All Against All is headed to comic shops on July 5 (and to the online mass-market retailers a week later). Comic shops, who largely buy all of their product on a non-returnable basis, have to finalize their July orders on Monday, June 5. So as much as I want people to pre-order the book to ensure that everyone who wants a copy can get one, doing so is also a huge boon to your local comic stores, who bear the upfront risk in ordering books like these, the kinds of things that are quite possibly a more rewarding read but also a harder immediate sell compared to, say, Batman. So if you’re inclined to pre-order a copy from your local shop, also provide the retailer with this order code, it’ll make their life even easier and they’ll love you forever for now: MAY230114.
To further show the level of admiration and love I have for this one, I’d like to offer one of the five chapters here as a free PDF download for anyone who wants to check it out. From the start, you’ll see that these alien creatures who appear so different from us really aren’t so different at all—they’re faced with the same doubts and insecurities and vanities as all of us, despite the vastly different environment they’re in. And our “Tarzan,” the apex predator of this series, is likewise a character you’ll sympathize with despite some of the more extremely violent acts he’s forced to commit.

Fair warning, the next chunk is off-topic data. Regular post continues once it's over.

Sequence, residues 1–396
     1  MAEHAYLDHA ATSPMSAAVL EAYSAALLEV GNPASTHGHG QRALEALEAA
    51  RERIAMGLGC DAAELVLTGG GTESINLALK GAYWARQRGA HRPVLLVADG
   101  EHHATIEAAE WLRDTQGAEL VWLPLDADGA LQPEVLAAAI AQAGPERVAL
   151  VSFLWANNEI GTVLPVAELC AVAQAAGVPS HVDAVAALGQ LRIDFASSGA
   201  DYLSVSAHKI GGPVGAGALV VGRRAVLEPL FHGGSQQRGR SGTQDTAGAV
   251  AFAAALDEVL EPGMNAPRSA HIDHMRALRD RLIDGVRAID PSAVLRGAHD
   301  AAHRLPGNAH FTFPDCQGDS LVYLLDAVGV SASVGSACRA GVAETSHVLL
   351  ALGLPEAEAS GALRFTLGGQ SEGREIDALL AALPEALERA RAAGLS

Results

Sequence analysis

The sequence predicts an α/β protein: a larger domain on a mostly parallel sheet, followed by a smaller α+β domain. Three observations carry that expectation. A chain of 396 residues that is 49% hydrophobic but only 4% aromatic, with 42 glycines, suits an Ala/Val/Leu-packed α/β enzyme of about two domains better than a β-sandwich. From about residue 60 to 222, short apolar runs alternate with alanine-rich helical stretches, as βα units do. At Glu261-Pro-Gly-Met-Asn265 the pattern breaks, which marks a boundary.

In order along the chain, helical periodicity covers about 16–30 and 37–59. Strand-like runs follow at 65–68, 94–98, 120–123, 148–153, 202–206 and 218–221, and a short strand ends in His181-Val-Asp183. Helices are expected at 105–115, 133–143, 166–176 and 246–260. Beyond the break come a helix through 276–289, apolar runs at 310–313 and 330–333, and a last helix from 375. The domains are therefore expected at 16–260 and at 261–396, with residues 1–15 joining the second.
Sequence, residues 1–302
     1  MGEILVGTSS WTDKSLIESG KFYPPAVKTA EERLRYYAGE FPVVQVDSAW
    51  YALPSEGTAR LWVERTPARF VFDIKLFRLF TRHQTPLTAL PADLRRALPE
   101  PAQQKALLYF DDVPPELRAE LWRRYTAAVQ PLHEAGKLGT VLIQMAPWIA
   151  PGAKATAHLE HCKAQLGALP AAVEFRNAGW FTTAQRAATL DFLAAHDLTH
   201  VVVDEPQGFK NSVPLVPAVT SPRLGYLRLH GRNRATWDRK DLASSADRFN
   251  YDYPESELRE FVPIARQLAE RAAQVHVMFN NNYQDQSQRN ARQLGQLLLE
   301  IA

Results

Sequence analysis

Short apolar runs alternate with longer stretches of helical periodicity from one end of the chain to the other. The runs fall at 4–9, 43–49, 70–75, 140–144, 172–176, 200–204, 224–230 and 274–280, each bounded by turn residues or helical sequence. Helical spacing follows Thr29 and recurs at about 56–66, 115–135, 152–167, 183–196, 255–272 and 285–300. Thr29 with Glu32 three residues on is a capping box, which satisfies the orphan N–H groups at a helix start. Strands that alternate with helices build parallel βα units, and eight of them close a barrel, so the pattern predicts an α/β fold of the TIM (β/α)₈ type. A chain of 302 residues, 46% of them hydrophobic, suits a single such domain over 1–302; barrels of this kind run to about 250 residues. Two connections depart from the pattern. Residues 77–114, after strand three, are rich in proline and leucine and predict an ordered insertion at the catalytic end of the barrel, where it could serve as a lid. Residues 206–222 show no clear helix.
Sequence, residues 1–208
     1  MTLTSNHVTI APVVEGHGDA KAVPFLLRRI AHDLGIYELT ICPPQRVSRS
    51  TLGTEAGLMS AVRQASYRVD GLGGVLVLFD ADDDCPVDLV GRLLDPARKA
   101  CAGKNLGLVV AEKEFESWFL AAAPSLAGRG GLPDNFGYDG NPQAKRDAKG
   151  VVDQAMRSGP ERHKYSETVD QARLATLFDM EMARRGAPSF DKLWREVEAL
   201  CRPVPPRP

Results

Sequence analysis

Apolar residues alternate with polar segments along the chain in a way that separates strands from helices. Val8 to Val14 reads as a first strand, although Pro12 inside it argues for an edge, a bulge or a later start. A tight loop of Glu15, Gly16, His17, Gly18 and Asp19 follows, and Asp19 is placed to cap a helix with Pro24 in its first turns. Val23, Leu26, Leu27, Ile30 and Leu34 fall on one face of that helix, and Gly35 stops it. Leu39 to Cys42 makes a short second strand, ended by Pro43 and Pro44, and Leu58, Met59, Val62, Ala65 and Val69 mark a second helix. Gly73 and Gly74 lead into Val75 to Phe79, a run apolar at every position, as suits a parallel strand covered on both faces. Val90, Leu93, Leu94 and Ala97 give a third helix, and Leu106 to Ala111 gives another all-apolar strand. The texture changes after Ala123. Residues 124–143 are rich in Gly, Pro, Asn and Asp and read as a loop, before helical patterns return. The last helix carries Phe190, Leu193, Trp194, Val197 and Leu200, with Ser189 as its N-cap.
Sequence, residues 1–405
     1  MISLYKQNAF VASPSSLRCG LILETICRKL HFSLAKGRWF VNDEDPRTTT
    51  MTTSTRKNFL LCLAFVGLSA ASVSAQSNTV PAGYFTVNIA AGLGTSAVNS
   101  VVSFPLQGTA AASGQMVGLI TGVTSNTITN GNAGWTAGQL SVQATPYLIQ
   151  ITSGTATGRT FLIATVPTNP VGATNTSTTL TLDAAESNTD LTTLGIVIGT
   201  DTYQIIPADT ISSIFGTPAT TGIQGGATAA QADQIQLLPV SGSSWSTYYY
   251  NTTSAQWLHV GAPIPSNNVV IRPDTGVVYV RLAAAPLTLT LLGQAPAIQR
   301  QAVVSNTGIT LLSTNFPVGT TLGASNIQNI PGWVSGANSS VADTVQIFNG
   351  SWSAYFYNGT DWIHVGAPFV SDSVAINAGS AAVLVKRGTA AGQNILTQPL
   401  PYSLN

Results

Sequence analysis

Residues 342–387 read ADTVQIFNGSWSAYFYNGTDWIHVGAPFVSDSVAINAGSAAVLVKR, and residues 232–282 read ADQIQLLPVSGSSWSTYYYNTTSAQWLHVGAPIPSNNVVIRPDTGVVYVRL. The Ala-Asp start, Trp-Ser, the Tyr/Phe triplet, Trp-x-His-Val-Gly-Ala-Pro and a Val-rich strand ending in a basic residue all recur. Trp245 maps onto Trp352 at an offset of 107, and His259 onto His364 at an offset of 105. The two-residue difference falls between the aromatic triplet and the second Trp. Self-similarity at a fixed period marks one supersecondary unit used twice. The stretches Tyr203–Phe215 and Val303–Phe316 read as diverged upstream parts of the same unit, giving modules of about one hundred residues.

When Alex and I first talked about the series storyline, we had, as we all always have, thoughts about what a potential second series might be. It doesn’t always happen, and sometimes books are enough on their own, and yet I can’t help thinking that a sequel, which Alex described as this, would be a helluva lot of fun to present to the world some day:
“We'd effectively transition from a messed-up Tarzan to a messed-up John Carter Warlord of Mars by way of Cerebus.”